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This is a pivotal moment for the coronavirus and global supply chains — and all indications are that the situation is headed downhill. Outbreaks in South Korea, Iran and Italy imply that the containment strategy in China has failed to prevent a global spread. Stock markets are plunging.
Assuming the situation doesn’t take a sudden turn for the better, the key worst-case-scenario questions ahead for global supply-chain participants are:
(1) At what point will the hardest hit countries, China foremost, switch from a containment to a mitigation strategy, whether due to economic necessity or because containment is deemed futile? In a mitigation strategy, barriers to inland movements would decrease and factory output and commodity consumption would increase.
(2) Even as some countries switch to mitigation, others would focus on containment. To what extent would trade between the two categories be constrained, given that port workers and pilots of mitigation countries will interact with ship crew who will then interact with port workers and pilots of containment countries? What if ship crew become contagious?
(3) Will coronavirus containment strategies precipitate unforeseen knock-on consequences (for example, debt defaults) that create even more downward pressure on global cargo demand?
(4) What is the risk to the optimistic post-virus V-shaped recovery scenario from: (a) insufficient stimulus and/or demand firepower to fuel the recovery due to higher-than-expected economic damage during the virus period or (b) an inability to eradicate the COVID-19 virus, rendering it a regular component of each hemisphere’s flu season until a vaccine is developed?
FreightWaves coverage of coronavirus
FreightWaves has provided blanket coverage of COVID-19 virus fallout across ocean, air, truck and rail. Here’s a timeline of FreightWaves’ coverage to date:
Feb. 23 — Mexican auto and electronics factories disrupted due to shortfall of parts from China: Click here.
Feb. 21 — Coronavirus to significantly impact U.S. container imports in March: Click here.
Coronavirus timeline infographic: Click here.
Impact on freight and rail rates if coronavirus ebbs: Click here.
CargoMetrics map of Asian cargo moves. Photo credit: CargoMetrics, Google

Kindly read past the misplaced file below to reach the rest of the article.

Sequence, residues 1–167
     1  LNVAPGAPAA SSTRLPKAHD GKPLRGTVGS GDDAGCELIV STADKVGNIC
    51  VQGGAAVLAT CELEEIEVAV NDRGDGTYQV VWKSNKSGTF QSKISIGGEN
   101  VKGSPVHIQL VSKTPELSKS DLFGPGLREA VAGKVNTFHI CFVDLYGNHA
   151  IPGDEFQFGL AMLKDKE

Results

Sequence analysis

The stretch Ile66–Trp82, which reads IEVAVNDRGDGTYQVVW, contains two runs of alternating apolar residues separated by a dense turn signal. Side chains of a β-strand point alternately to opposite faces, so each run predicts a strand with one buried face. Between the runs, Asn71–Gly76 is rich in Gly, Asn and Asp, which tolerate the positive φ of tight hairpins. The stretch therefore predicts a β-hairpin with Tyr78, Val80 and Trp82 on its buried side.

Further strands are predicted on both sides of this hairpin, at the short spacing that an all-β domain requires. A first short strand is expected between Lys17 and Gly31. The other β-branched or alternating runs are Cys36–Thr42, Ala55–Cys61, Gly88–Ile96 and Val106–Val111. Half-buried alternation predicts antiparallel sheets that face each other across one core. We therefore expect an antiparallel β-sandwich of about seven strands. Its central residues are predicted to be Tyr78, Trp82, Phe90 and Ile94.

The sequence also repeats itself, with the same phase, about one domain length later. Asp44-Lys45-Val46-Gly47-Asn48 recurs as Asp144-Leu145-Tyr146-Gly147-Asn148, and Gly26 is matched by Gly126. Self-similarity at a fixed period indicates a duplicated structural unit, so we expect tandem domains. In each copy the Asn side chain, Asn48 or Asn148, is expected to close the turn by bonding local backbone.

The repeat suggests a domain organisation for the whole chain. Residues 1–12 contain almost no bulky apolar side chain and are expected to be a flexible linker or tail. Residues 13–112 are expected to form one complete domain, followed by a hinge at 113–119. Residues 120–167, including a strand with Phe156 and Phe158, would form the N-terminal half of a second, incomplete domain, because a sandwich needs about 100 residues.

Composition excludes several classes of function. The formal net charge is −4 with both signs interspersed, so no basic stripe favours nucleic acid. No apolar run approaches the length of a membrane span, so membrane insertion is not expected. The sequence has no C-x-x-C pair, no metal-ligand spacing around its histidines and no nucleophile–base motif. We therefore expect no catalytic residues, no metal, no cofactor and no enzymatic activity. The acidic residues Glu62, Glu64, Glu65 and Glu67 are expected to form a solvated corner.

Feb. 20 — CargoMetrics data reveals depth of China’s import/export collapse: Click here.
Container giant Maersk comments on coronavirus fallout: Click here.
Airline revenue impact could hit $29 billion: Click here.
Feb. 19 — Coronavirus creates new product-tanker demand as Asia ships excess cargoes to the West: Click here.
Feb. 18 — Coronavirus upends air-freight market, puts premium on charter rates: Click here.
Coronavirus implies binary dry bulk shipping fate: either snap-back or wipeout: Click here.
Virus hit to ocean container freight rates could be capped by lack of demand: Click here.
Virus could completely alter company sourcing patterns: Click here.
Feb. 17 — Reefer plugs full at Chinese ports; containerized frozen-food imports are being diverted: Click here.
Feb. 14 — Impact on global supply chains if ship crews start getting infected: Click here.
Feb. 13 — Shipping execs warn that markets underestimate fallout: Click here.
Feb. 12 — Coronavirus blank sailings could cause capacity shortage for ocean backhaul cargoes: Click here.
Outbreak is pushing U.S. suppliers to find non-Chinese cargo sources: Click here.
Feb. 11 — Ocean shipping execs predict sharp V-shaped rate recovery: Click here.
Feb. 10 — Wall Street analysts warn of intensifying fallout: Click here.
Feb. 6 — Air-cargo providers implement coronavirus protections: Click here.
Air-cargo planes. Photo credit: Flickr/G B_NZ
Lori Ann LaRocco commentary on whether virus will impact long-term trade flows: Click here.
Feb. 4 — Asia-Europe container rates drop due to coronavirus: Click here.
Virus-driven uncertainty for air-cargo carriers: Click here.
Impact on engine manufacturer Cummins: Click here.
Feb. 3 — How coronavirus is driving dry bulk rates to even lower lows: Click here.
Ag shippers want more free time due to virus: Click here.
How virus is hitting oil pricing and demand: Click here.
Vessel crew restrictions as a result of virus: Click here.
Container ship in Los Angeles. Photo credit: Jim Allen/FreightWaves
Effect on China-centric supply chains: Click here.
Container lines cutting sailings: Click here.
Feb. 1 — How coronavirus may give trucking yet another headache: Click here.
Jan. 31 — Still too early to see effect in container pricing data: Click here.
Airlines increase flight suspensions: Click here.
Jan. 30 — How virus affects tanker shipping stocks: Click here.
Jan. 29 — Air-cargo carriers begin suspending service: Click here.
Jan. 28 — Q&A with economist Paul Bingham on how virus affects global container supply chains: Click here.
Virus begins to sicken the air-cargo sector: Click here.
FreightWaves’ Passport Research on coronavirus: Click here.
Jan. 27 — Virus compelling public shipping owners to adopt more conservative management strategy: Click here.
Virus represents “black swan” event for multiple segments of global ocean shipping: Click here.
More FreightWaves/American Shipper articles by Greg Miller
This article first appeared on www.freightwaves.com
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